In our last post, we looked at how website tracking system Google Analytics reports on visitor demographics. These metrics ranged from age and gender to which operating system someone uses when accessing your website.
As important as it is to know who comprises your audience, it’s equally important to know how your audience finds your website.
To do this, we’ll take a look at Acquisition, Google Analytics’ information on how visitors arrive to your website.
Acquisition is broken down into 10 sub-categories: Overview, Channels, All Traffic, Referrals, Campaigns, Keywords, Cost Analysis, AdWords, Social and Search Engine Optimization.
Acquisition Overview provides a snapshot of what Google calls the “Acquisition-Behavior-Conversion (ABC) Cycle.” Basically, this displays where users come from, what they do on your site once they arrive and if they provide a conversion (filling out a form, making a purchase or completing a goal).
Channels are Organic Search, Referral, Direct, Social, Paid Search, Email or other routes your visitor takes to arrive at your website. Organic Search like Google, Yahoo! or Bing queries, provide the majority of web traffic for most websites. Referral traffic comes from a link on another website, while Direct visitors come to your site by entering your unique domain name into their web browser. Social traffic originates from places like Facebook, Twitter or Reddit. Paid Search traffic comes from Google AdWords or other advertising platforms. Email, well, that comes from a link in an email, obviously.
Every website is different. Some businesses have a higher social presence, while others are more likely to be searched from a Search Engine. Because of this, it can be difficult to compare your website’s results with other sites, especially across various industries.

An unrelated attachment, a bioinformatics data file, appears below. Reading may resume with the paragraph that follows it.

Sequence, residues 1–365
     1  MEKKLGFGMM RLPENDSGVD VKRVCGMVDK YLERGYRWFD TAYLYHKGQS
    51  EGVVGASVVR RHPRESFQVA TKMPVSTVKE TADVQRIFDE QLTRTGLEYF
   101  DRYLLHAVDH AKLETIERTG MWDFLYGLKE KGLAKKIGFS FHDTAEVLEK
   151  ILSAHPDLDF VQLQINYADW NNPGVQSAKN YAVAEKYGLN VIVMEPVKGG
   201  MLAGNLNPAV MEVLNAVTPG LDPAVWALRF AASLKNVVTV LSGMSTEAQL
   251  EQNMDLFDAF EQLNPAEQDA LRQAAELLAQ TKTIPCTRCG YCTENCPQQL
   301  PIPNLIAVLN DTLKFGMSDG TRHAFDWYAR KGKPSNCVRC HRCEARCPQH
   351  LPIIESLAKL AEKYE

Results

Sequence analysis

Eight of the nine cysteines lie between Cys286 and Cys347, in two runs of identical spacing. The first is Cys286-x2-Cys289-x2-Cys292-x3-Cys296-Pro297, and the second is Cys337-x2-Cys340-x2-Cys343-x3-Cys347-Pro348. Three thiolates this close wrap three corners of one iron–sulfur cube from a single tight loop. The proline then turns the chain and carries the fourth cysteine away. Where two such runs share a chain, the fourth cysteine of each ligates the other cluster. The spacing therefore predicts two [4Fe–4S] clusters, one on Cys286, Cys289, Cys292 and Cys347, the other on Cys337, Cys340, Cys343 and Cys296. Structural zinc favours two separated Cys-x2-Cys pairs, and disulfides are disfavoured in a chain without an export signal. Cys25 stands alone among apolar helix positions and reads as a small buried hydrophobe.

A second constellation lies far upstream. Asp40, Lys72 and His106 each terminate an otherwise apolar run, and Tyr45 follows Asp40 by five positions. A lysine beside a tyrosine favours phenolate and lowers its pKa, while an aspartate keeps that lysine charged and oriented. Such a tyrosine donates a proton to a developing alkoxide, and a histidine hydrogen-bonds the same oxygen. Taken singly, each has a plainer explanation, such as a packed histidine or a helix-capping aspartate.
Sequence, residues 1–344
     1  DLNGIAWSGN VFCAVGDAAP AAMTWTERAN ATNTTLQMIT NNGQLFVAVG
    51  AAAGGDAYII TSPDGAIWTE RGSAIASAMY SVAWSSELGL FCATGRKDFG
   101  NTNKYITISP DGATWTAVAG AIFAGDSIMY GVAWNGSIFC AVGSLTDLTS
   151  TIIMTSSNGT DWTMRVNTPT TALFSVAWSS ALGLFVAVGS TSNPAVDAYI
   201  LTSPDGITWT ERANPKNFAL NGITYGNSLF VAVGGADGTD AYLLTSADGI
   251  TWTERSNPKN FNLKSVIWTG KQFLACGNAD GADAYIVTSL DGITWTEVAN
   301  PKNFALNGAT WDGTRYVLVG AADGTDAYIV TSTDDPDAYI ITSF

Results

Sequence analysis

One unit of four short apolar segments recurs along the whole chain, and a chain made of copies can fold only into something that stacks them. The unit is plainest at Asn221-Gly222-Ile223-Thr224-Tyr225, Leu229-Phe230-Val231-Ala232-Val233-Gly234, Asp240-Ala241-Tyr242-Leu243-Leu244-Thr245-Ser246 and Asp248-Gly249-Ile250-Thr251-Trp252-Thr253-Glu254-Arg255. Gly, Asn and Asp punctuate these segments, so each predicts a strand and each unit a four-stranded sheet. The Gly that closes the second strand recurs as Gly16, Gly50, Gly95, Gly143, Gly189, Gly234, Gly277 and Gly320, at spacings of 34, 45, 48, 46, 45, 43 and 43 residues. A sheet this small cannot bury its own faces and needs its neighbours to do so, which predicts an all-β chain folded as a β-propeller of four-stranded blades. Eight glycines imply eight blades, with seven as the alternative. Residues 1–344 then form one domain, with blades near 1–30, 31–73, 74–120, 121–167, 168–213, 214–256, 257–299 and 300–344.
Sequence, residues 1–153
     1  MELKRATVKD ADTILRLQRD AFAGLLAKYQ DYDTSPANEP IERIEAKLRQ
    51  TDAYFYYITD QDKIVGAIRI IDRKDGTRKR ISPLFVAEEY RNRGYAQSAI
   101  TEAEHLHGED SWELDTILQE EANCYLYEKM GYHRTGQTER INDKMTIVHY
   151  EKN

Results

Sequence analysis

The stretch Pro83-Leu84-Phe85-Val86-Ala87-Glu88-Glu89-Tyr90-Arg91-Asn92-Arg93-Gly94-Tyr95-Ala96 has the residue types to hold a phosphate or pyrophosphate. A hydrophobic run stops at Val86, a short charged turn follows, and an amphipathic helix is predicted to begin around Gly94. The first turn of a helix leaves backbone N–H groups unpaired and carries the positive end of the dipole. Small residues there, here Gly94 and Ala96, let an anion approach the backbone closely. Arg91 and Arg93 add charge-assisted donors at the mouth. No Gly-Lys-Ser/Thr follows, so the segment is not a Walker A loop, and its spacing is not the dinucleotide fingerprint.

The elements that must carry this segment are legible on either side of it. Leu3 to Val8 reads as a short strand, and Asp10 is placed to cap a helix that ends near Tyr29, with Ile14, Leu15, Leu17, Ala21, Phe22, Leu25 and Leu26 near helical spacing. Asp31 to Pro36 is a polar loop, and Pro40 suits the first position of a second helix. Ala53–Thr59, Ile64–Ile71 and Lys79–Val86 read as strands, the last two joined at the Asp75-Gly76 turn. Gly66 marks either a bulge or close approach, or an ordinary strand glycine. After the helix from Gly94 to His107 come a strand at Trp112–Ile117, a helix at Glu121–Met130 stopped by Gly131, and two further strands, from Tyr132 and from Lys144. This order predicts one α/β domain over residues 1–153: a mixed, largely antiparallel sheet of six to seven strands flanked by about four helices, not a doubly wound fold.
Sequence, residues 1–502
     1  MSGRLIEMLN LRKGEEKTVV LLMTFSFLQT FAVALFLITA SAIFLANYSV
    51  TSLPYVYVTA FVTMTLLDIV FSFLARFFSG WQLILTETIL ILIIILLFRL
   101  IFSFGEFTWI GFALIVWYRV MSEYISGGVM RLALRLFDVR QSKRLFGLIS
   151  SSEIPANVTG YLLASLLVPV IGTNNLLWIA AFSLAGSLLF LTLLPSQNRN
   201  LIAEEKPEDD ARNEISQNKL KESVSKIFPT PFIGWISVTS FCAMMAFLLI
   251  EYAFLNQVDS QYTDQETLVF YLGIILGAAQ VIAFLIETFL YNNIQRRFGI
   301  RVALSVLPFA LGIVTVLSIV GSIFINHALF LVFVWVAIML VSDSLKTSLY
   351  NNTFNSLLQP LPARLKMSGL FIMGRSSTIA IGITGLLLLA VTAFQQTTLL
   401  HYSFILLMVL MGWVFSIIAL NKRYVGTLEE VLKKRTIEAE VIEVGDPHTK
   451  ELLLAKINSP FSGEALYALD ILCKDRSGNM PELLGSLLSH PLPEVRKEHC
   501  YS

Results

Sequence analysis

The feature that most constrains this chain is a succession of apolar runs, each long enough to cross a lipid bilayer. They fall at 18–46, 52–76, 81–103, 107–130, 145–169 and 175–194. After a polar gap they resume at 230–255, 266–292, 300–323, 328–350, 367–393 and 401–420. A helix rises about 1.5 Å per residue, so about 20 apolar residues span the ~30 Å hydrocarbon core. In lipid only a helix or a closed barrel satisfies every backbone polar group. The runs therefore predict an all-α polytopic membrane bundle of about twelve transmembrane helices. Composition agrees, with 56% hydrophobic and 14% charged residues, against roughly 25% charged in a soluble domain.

So, which websites send you the most traffic? This subsection will give you the answer. The default settings here show a breakdown of your biggest traffic sources. Visits, New Visits (by percentage), New Visits (total number), Bounce Rate, Pages per Visit, Average Visit Duration and your Conversion goals for each source are displayed here.
This section strips away search engine and direct traffic and dives a little deeper into the websites visitors use to arrive at your site. Like the All Traffic tab, Visits, New Visits (by percentage), New Visits (total number), Bounce Rate, Pages per Visit, Average Visit Duration and your Conversion goals are displayed here.
This section provides a breakdown of your Google AdWords and other web advertising campaigns. Website owners can use this information to see if their advertising dollars are going to good use by tracking conversions and other metrics of visitors who find websites through paid campaigns.
Thanks to a change in Google’s reporting, information on “organic” Keywords is hard to come by these days. Website owners who run a Google AdWords campaign can still see how their ad campaign keywords impact search results and traffic. Unfortunately, for those who do not run a Google AdWords campaign, Keywords no longer exist in any kind of meaningful form. Read more about the change here and how it’s already begun to impact the SEO business.
This subsection is still in “Beta.” But, from what Google has shared about the Cost Data Import feature, website owners will have more power to see and compare visit, cost and revenue data for their paid campaigns here.
This information is particularly useful to website owners who are spending valuable marketing dollars on an AdWords campaign. Learn about your bids, keywords, destination URLs, placements and more.
Social media has become one of the most crucial elements of a websites’ relevancy. These days, it’s more important than ever to take an active approach to maintaining your brand’s reputation online. It’s also essential to take advantage of social media as a portal to generate traffic to your website. This section gives website owners information on the effectiveness of their social media campaigns.
Search Engine Optimization
This subsection displays information about Google web search results that return URL results to your website. Here you will find data on the terms and keywords visitors used to reach your site, how many times your website appears in search results and the average position your pages rank in these results.
Now that we’ve gone over Acquisition, we’ll take a look at Behavior in our next post.